Super Club: Three of Dubai's biggest football teams merge

Super Club: Three of Dubai's biggest football teams merge
Dubai Club, al-Ahli and al-Shabab have announced the formation of a super club that will be ready to challenge with world's football titans.
2 min read
17 May, 2017
Al-Ahli are one of the UAE's biggest clubs [AFP]
Three of Dubai's biggest football teams announced a merger into a super club on Tuesday, in the latest union between the Gulf's biggest sporting names. 

Dubai Club, al-Ahli and al-Shabab have all agreed to unite into a single entity known as Shabab al-Ahli Dubai, and the regional powerhouse will compete in the UAE's Arabian Gulf League next season.

Assets, players and properties of the three clubs will be amalgamated into a single entity with immediate effect, The National reported, after ambitious Dubai ruler Sheikh Mohammed bin Rashid al-Maktoum ordered the merger.

The Dubai Sheikh has high hopes for the club, saying he wants Shabab al-Ahli Dubai to compete among the world's best teams.

"Our objective is to build a club that can compete regionally and globally," said Maktoum in a tweet, according to Dubai Media Office.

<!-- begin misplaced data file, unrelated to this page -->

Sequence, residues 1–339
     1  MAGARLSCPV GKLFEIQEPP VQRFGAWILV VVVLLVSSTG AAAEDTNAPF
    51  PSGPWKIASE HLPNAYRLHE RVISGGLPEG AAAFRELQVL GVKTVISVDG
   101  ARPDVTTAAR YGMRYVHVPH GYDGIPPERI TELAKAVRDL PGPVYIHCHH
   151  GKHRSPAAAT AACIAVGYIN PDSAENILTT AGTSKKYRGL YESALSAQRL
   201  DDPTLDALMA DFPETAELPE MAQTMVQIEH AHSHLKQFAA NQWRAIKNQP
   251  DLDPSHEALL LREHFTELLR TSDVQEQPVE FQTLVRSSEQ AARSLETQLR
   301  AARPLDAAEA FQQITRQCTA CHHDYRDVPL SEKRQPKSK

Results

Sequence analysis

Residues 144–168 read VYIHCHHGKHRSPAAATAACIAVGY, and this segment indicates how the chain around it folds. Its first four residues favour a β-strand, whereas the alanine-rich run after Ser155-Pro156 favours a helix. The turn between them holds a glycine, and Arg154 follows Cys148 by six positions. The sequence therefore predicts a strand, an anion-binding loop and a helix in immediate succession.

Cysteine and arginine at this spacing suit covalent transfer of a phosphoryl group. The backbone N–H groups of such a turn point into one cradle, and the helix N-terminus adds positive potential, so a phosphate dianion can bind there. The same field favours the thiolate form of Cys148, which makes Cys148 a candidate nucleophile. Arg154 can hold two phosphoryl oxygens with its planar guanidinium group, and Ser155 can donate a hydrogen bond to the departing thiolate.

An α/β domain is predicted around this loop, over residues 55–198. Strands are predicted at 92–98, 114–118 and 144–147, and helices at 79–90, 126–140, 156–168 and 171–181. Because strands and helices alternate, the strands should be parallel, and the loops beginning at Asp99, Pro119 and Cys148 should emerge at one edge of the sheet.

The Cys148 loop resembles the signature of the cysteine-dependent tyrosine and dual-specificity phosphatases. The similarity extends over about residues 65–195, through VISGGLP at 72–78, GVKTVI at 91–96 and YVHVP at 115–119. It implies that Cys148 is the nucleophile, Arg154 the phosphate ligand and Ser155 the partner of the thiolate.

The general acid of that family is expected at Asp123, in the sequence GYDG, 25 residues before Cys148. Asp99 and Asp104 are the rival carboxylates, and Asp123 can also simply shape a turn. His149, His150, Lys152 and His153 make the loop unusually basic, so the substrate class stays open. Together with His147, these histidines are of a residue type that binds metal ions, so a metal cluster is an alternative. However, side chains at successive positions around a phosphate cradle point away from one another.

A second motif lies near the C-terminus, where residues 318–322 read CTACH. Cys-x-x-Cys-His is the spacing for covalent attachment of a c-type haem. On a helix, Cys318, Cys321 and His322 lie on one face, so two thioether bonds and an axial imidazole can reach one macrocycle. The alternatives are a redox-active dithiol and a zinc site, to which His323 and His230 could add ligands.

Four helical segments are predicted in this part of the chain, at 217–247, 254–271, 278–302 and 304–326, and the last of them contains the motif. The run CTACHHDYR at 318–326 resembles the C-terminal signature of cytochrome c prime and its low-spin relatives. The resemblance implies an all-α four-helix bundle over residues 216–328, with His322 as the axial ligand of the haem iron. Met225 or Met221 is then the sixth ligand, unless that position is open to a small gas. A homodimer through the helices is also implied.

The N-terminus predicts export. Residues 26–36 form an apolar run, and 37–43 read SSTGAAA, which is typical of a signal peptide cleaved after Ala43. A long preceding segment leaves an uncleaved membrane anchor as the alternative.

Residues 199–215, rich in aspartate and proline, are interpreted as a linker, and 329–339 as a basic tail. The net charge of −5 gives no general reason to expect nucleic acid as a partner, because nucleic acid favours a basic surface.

The UAE football association will hold an emergency meeting to discuss the decision, but the announcement was welcomed by the Emirates' FA president.

"We welcome the wise decision of His Highness Sheikh Mohammed bin Rashid al-Maktoum," said Marwan bin Ghalita in a statement. "We wish every success for Shabab al-Ahli Dubai Club."

Dubai's Crown Prince Sheikh Hamdan bin Mohammed will serve as the new super club's president and Shabab al-Ahli Dubai will be headquartered at Dubai Club's current site.

The tie-up follows a regional trend with two of Qatar's most successful teams - Lekhwiya and El-Jaish - announcing a merger last month.

Two Sharjah clubs - Sharjah and al-Shaab - also announced they would unite into one team known as Sharjah Cultural Club, following an announcement by the emirate's ruler Sheikh Sultan bin Mohammed al-Qasimi.

This follows reports of UAE clubs suffering from financial problems and have been told to rein in spending.